plugging old planking

Seagreen

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Old pitch pine planking, now a bit soft, nominally 1" thick..

So I've been filling in these old nail holes, but the holes are a bit ragged where the nail heads were knocked back out of the hull, leaving pits of broken planking about 1.5" wide by 0.5" deep.

Do I:

A) fill back with epoxy?
B) Chisel out and epoxy in a big wood plug (my fav idea so far)
C) Screw and sikaflex a hardwood patch - the wood is very dry.
D) Something else.

If D), please specify. Thanks in advance
 

Peterduck

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Option B is what I would go for too. The 'big wooden plug' is called a graving piece. Ideally, it should be in the shape of a diamond [as in playing cards, not the jewellery] with the major axis in the direction of the grain. The grain of the graving piece should be parallel to the grain in the planking. There should be a slight taper to the edges of the graving piece, so that the further in it is pressed, the tighter it gets.
Peter.
 

Seagreen

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Great idea! I'd thought about doing it square to the grain, but the diamond method seems more logical. Hardwood or pitch pine? I've plenty of oak but I'm not sure if oak and pine are that compatible, or doesn't it matter with the epoxy? I suppose the areas affected are relatively small.
 

old_salt

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I have ground up a 3/8" drill to a tapered end and turned up tapered plugs (I have a Myford lathe which has helped in restoring my boat more than anything else) after removing the nail or drilling out a screw with the hollow sharpened punch drill the old hole with the tapped drill then tap in a gulled ( Balcotan or Cascafen) plug.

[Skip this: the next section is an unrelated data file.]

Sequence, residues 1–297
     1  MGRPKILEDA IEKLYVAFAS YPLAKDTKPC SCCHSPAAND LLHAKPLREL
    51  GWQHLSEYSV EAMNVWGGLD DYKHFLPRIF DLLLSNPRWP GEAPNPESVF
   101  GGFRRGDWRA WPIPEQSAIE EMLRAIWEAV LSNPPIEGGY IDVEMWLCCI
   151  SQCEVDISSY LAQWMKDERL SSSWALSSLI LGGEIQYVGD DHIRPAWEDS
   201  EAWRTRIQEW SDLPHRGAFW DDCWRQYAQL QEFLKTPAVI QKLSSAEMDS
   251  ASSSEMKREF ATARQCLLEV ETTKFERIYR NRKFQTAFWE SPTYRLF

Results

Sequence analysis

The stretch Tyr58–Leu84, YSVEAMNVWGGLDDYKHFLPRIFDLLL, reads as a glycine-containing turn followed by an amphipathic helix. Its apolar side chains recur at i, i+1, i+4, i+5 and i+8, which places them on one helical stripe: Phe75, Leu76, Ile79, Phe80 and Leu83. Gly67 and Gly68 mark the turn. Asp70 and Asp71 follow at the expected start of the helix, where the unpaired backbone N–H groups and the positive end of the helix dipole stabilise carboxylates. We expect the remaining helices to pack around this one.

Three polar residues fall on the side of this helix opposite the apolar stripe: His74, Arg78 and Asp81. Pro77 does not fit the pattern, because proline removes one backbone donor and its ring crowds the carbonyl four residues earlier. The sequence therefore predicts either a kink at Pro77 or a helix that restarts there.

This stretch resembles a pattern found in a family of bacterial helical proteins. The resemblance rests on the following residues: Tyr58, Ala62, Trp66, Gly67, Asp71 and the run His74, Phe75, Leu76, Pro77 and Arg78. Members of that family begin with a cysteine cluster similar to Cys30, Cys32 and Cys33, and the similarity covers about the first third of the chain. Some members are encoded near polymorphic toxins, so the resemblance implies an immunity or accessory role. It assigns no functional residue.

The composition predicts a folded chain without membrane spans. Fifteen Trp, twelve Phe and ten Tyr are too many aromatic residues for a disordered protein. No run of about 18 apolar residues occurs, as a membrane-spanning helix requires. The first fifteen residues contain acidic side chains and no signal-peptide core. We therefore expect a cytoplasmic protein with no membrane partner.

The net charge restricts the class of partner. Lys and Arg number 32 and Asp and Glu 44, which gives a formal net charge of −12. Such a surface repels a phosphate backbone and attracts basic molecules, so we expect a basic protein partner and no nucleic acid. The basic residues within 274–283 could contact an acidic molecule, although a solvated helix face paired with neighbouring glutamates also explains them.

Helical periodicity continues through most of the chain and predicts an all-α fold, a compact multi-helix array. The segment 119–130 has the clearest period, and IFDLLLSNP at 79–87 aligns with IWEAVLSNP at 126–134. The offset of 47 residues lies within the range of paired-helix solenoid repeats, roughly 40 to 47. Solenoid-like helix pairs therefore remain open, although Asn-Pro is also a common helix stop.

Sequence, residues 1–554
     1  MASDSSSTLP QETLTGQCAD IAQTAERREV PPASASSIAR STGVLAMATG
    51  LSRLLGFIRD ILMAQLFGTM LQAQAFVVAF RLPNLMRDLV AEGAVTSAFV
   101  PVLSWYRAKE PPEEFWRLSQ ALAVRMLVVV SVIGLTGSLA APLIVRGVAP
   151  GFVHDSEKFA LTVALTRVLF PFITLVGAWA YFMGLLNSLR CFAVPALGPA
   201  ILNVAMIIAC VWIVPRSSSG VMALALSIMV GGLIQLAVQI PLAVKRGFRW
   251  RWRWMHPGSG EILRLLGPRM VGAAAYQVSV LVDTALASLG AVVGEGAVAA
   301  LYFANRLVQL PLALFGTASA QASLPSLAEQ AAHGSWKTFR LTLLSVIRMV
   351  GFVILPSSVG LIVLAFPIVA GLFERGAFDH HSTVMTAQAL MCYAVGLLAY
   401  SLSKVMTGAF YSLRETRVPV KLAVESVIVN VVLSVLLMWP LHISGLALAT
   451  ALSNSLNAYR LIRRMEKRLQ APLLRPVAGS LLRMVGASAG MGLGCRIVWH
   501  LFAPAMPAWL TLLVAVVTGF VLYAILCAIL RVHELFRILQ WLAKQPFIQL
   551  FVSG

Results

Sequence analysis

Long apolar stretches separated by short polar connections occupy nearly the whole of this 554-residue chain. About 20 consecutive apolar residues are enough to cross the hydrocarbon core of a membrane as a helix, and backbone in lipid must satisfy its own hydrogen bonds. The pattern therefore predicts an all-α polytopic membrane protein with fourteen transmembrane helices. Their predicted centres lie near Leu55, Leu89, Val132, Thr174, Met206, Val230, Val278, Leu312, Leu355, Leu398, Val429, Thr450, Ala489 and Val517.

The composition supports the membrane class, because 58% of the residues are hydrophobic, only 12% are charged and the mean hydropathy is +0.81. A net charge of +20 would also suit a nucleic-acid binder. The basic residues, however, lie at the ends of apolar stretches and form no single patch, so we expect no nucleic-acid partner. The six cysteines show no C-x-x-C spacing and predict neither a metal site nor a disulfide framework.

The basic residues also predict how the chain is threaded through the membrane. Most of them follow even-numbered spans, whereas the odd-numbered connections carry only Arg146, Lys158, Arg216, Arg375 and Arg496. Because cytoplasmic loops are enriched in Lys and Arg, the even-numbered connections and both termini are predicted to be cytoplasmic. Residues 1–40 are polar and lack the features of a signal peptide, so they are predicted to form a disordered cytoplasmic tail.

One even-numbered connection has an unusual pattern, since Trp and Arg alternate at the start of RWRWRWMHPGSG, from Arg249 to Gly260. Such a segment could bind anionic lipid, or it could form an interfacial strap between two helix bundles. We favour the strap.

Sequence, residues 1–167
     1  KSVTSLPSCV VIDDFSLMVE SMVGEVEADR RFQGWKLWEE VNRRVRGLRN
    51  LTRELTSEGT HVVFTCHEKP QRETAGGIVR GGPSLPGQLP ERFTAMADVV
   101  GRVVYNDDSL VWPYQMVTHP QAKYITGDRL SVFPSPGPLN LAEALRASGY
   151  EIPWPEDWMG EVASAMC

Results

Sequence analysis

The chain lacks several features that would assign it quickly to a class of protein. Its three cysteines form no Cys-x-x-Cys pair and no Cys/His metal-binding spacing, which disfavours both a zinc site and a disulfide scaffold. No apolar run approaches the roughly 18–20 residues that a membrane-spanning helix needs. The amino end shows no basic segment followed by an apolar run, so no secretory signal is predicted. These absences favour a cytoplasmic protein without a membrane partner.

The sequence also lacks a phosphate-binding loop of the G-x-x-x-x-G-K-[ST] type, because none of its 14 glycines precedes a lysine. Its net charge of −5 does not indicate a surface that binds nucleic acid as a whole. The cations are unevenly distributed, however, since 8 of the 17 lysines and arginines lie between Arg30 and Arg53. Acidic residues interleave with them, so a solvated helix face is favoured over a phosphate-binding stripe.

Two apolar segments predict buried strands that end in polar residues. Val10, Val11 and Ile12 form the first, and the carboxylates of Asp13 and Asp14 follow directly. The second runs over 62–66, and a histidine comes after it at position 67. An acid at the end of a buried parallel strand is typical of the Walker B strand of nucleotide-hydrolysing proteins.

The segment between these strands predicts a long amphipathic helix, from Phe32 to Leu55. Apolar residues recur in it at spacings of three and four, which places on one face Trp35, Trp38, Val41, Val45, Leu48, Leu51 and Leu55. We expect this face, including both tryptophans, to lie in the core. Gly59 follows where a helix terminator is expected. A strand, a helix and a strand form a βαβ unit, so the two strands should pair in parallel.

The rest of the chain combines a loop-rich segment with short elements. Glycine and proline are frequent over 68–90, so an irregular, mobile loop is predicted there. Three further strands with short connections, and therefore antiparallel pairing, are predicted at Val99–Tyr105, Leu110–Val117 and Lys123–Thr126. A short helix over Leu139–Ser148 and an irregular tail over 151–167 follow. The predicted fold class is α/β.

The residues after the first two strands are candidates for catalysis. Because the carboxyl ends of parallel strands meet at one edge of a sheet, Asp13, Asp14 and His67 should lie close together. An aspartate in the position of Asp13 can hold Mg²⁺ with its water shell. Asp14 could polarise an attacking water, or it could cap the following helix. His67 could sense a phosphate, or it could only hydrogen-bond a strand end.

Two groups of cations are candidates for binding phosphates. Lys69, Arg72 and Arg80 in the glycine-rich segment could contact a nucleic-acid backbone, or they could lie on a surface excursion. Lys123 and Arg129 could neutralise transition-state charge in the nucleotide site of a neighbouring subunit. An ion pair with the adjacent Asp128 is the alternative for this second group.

Photo of the tools and turned plugs. The sharpened hollow punches are for cutting out screws. Use the same wood as the planking. I hope this helps.
ToolsMerciaIII001.jpg

ToolsMerciaIII002.jpg
 

vona

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I have a 72' LOD 51ton displacement ketch that I did a max refit 2005 including recaulk and screw fix /wood plug every carvel plank per frame. I thought about sheathing with 2 layers of thin mahogany to stiffen and protect the hull in warmer waters. She was Black Sea built for cold seas, I'm sailing to Australia. Has any one thoughts on the best method with a vessel this size.
 

Peterduck

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While you could usefully sheath the hull with veneers, as Tim and Pauline Carr did with 'Curlew', much of the stiffening of the hull should be achieved by the caulking. Much of the other preparations for such a trip depend on which way you plan to come; around The Cape, through the Panama Canal or through the Suez Canal?
Peter.
 

Peterduck

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As a general rule, it is best to match the species of the planking with your graving piece. For those which are likely to be immersed, this is more important, to match rates of expansion due to water take-up.
Peter.
 
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